Not to shill myself too shamelessly, but I did a similar study of Denver’s game with/without Melo from 2003-11 that found that Denver’s points per possession (offensive efficiency) was 1.10 when Anthony played and 1.07 when he sat: http://jamerchant.wordpress.com/2011/01/18/with-or-without-melo/

    That seems to be in line with your points per shot findings, but I took it as evidence that the Nuggets truly were better on offense with Carmelo playing. Whether the team was better is an open question (defense matters, too, of course).

    • 1/18/2011
      Reply

      Jamerchant,
      If you’ve seen my previous work(http://arturogalletti.wordpress.com/2011/01/07/offensive-all-stars/ for example), you’ll know I favor point per possession metrics . In this instance I was trying to keep to the constraint of Nate’s argument (i.e. points per shot or TS%). So even if I use a slightly juiced metric (i.e. biased towards shooting), I still see the proposition as false.

      My data shows very similar results.

  10. Guy
    1/18/2011
    Reply

    I thought Silver’s analysis was thin, and Arturo presents some good data above. But Pelton’s analysis at Basketball Prospectus seems much stronger that either, given his ability to look at players with Melo on and off the floor in the same seasons. That meets the most serious objections to Silver’s study, which was the failure to control for players’ age, coach, and team. And Pelton finds a VERY substantial Melo effect (though not as strong as Silver reported). In addition, I’d say Dr. Berri’s post lends further support to the case for a Melo effect (though it’s not as strong evidence as Pelton presents). So I think the Melo-improves-his-teammates’-efficiency argument now clearly has the upper hand, unless someone has further evidence to offer.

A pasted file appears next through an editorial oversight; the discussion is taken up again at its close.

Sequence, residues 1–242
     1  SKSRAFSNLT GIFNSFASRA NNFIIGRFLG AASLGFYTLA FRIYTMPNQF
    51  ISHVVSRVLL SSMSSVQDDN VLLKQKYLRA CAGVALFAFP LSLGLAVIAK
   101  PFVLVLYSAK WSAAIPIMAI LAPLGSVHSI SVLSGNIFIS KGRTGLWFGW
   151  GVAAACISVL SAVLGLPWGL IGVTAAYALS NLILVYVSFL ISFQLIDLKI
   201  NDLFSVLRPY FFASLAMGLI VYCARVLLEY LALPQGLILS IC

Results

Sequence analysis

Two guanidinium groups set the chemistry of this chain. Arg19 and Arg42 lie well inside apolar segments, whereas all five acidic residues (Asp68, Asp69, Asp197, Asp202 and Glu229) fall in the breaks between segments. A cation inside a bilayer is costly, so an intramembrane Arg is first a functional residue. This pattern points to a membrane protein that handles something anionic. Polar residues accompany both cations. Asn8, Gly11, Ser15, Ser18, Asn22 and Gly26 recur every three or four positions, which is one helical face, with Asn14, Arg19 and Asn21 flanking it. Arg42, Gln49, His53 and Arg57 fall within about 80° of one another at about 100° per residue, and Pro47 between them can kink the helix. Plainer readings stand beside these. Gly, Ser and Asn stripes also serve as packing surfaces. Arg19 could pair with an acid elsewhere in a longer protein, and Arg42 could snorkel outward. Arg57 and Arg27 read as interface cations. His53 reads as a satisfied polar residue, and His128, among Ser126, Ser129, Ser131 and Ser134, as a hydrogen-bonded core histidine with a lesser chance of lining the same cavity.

• 1/18/2011
      Reply

      Guy,
      I read that piece. It’s a good analysis. But I think the Last paragraph is telling:

      “As Silver noted, there is still an important aspect of “fit” that cannot be removed from the numbers. Denver has been able to build a lineup around Anthony’s high usage. The Nuggets have put a series of low-usage, defensive-minded shooting guards alongside him on the wings, for example. With another team already blessed with shot creators, like the Knicks, the value of Anthony’s usage might be limited. In a vacuum, however, a variety of different numbers point to similar conclusions. We may not be able to put an exact number on how many wins Anthony’s ability to create means for his team, but it appears to be larger than zero and substantial enough to make him an All-Star-caliber player despite his other shortcomings.”

      There’s still a big issue with multicolinearity (as Melo shares the court with a lot of the same player so is it a Melo or a Chauncey effect which is exacerbated by the fact that this year with Billups out their offense is worse).

      And even if I give you the effect, it’s small enough that when Carmelo’s inefficiency is added back in (and his defense), it goes away.

      • Guy
        1/19/2011
        Reply

        I don’t think you can call 7.5 wins a “small” effect. That’s equivalent to raising his WP48 by .137. A better word word be “huge.” And Melo’s defensive shortcomings, while certainly relevant to any team trading for him, is separate from the issue under discussion here — as indicated by the fact that your post (like Silver’s) says not one word about his defense.

        And the larger question is whether high-usage players, and perhaps others, have a significant impact on teammates that should be considered in metrics. Here we have a good example of where the answer appears to be yes.